The Olympus E-M10 is a mirrorless Micro Four Thirds system camera. It is the entry-level choice in the OM-D line. It features a tilting LCD touchscreen and an electronic viewfinder. It can shoot at 8fps continuous and is relatively fast for a mirrorless camera. We test the E-10 using several different SD memory card to see how they affect its performance.
To begin the E-M10 speed test we prepare each SD card by filling it with with images. The camera is set to manual and aimed toward our test scene. We format the card in the E-M10 before each test. With the E-M10 set to Continuous High we take bursts of 20 to 22 shots. We measure the elapsed time using the the card access icon. The bytes written to the card divided by the time give the write speed in megabytes per second (MB/s). We use 1 MB = 1,048,576 bytes. The test is repeated five times and the results are averaged.
|Memory Card||Average Write Speed (MB/s)||Price|
|SanDisk Extreme Pro 95MB/s 32GB||32.1||$21.95|
|SanDisk Extreme Plus 80MB/s 32GB||31.7||$34.95|
|Toshiba Exceria Type 1 32GB||31.7||$137.68|
|SanDisk Extreme 45MB/s 32GB||31.4||$16.95|
|Toshiba Exceria Type 2 32GB||31.2||$68.07|
|Samsung PRO 32GB||30.8||$29.99|
|Sony 94MB/s 32GB||30.6||$26.29|
|Kingston Ultimate 32GB||30.0||$14.32|
|Lexar Professional 600x 32GB||27.9||$55.37|
|Lexar Professional 400x 32GB||26.2||$13.95|
|Transcend 600x 32GB||25.0||$12.99|
|Samsung EVO 32GB||16.2||$9.99|
The Continuous Shooting test measures how many images the Olympus E-M10 can take in 30 seconds. We use three different image settings: RAW+JPEG, RAW, and JPEG. The JPEG mode is set to large, fine quality. The test scene and camera settings are consistent throughtout the test.
|Memory Card||Continuous Shooting – Images in 30 Seconds||Lowest|
|SanDisk Extreme Pro 95MB/s 32GB||62||80||155||$21.95|
|Toshiba Exceria Type 1 32GB||59||79||154||$137.68|
|SanDisk Extreme Plus 80MB/s 32GB||59||78||154||$34.95|
|Toshiba Exceria Type 2 32GB||58||78||150||$68.07|
|SanDisk Extreme 45MB/s 32GB||58||78||149||$16.95|
|Samsung PRO 32GB||57||78||153||$29.99|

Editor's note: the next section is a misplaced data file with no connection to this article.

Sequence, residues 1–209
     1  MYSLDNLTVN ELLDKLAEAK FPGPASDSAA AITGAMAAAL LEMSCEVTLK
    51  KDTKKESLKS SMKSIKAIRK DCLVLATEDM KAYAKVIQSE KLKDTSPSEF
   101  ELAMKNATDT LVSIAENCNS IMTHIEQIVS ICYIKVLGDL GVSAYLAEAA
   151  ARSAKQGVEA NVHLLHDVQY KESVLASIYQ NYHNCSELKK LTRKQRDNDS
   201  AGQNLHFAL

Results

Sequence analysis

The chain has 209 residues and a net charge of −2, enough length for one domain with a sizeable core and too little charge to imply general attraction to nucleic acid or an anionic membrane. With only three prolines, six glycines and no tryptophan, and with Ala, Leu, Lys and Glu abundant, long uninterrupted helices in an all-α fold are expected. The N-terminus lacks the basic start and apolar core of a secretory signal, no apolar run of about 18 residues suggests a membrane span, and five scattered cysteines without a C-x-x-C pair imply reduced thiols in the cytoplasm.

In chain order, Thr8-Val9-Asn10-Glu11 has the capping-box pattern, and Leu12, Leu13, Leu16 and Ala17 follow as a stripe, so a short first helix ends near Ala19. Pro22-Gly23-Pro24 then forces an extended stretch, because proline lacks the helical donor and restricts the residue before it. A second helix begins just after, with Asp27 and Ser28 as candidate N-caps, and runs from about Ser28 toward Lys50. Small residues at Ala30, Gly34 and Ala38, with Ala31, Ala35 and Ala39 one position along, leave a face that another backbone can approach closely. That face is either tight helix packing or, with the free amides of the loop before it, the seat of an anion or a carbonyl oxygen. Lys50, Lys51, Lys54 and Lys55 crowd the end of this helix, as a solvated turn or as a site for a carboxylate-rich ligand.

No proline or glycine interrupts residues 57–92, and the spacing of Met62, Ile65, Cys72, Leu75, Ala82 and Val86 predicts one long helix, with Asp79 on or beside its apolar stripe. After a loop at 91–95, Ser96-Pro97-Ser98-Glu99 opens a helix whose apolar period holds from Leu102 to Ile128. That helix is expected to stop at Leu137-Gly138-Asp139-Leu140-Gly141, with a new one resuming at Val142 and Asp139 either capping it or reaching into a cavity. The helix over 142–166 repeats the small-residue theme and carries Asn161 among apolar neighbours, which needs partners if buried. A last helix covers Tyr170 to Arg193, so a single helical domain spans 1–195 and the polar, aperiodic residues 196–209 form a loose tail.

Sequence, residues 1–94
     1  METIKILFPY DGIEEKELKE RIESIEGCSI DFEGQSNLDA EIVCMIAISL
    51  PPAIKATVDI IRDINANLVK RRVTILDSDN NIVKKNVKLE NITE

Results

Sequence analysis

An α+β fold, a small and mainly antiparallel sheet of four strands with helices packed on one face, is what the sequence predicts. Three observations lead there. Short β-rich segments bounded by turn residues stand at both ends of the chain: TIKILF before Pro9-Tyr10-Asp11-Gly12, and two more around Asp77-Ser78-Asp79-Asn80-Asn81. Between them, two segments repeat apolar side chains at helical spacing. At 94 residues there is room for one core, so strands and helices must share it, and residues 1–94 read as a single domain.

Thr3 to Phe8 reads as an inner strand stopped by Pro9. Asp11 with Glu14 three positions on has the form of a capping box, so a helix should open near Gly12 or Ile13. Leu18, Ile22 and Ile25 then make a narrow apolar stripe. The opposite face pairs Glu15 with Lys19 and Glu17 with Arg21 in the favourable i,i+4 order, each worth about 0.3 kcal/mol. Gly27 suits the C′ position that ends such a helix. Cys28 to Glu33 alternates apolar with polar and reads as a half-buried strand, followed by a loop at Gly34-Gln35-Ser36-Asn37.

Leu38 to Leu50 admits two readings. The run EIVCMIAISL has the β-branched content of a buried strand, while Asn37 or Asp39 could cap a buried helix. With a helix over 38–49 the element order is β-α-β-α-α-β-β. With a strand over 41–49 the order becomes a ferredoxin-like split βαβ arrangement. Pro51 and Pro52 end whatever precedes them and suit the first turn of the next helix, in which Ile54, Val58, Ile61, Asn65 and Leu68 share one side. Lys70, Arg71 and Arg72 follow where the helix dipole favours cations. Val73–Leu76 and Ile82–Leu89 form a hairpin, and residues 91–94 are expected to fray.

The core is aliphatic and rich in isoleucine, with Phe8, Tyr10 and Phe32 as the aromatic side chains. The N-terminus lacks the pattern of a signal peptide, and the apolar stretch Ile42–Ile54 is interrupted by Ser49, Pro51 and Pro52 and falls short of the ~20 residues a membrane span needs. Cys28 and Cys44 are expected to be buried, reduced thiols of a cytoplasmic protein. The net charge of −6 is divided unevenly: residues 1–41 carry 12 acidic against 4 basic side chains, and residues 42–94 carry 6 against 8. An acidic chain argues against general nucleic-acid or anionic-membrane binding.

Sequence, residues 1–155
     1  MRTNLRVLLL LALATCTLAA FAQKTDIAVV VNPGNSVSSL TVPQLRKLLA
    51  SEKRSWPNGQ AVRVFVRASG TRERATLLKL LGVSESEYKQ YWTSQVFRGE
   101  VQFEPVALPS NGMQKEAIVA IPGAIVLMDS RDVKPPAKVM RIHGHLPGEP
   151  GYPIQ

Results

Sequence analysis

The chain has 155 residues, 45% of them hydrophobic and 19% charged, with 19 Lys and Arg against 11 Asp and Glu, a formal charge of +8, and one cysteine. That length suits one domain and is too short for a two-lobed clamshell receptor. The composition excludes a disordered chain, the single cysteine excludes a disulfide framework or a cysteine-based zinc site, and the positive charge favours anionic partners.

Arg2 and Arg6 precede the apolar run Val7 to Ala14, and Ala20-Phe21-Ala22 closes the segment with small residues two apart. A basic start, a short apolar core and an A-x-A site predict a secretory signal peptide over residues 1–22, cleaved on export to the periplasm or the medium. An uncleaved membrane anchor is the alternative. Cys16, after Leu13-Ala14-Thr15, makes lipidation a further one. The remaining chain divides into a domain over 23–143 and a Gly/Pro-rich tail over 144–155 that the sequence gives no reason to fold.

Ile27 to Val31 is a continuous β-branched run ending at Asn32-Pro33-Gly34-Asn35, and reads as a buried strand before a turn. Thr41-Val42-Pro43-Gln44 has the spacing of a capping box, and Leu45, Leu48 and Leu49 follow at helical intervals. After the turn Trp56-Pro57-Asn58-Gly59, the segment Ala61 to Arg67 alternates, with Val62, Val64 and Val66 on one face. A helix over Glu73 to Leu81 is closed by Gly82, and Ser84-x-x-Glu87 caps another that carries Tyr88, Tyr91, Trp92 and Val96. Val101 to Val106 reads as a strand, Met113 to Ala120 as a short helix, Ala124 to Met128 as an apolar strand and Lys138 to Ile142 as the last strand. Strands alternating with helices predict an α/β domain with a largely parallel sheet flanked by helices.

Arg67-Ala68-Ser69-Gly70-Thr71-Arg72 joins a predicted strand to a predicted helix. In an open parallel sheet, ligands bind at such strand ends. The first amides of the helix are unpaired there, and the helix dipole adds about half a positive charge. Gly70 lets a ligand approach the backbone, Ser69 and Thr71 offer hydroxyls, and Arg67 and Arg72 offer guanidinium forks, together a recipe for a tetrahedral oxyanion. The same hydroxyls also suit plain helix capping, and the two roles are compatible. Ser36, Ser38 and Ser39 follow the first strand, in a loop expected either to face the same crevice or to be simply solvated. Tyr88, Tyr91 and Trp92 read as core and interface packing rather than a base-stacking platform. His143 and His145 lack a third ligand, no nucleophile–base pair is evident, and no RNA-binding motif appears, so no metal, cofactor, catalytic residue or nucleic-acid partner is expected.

|Sony 94MB/s 32GB||57||77||153||$26.29|
|Kingston Ultimate 32GB||56||75||147||$14.32|
|Lexar Professional 600x 32GB||53||71||137||$55.37|
|Lexar Professional 400x 32GB||51||69||131||$13.95|
|Transcend 600x 32GB||49||66||127||$12.99|
|Samsung EVO 32GB||36||45||91||$9.99|
The E-M10 has a relatively deep buffer. It was able to take the first 15 RAW+JPEG shots, 16-18 RAW and 27-55 JPEG shots at full frame rate. Faster cards could get more shots at full frame rate. (Note: the content of the image affects the file size and therefore the number of images; a test scene with less detail would increase these numbers slightly.) As seen in our write speed test, the E-M10 is limited to about 32MB/s maximum write speed. The difference between the faster cards is only a few frames in 30 seconds.
The SanDisk Extreme Pro 32GB SDHC was the fastest E-M10 although the margin between it and the next seven cards is slight. Any of these cards would perform similarly for most purposes. Another consideration when choosing a memory card is its ablility to download images from the card quickly. For that purpose the SanDisk Extreme Pro, Extreme Plus, Kingston Ultimate, Toshiba Type 1 and Type 2, Samsung PRO, Lexar 600x and Sony are all capable of above 90MB/s read speeds using a USB 3.0 card reader.
The Olympus E-M10 has a USB 2.0 connector to download images. When connecting to the computer, two choices are given “Storage” and “MPT mode.” We found that Storage mode will only transfer at around 12.3MB/s, while MPT mode would give 24-25MB/s. These speeds are much slower than using a separate USB 3.0 card reader that can download at 90MB/s or more.
See our reviews on memory card readers for complete analysis of different card readers.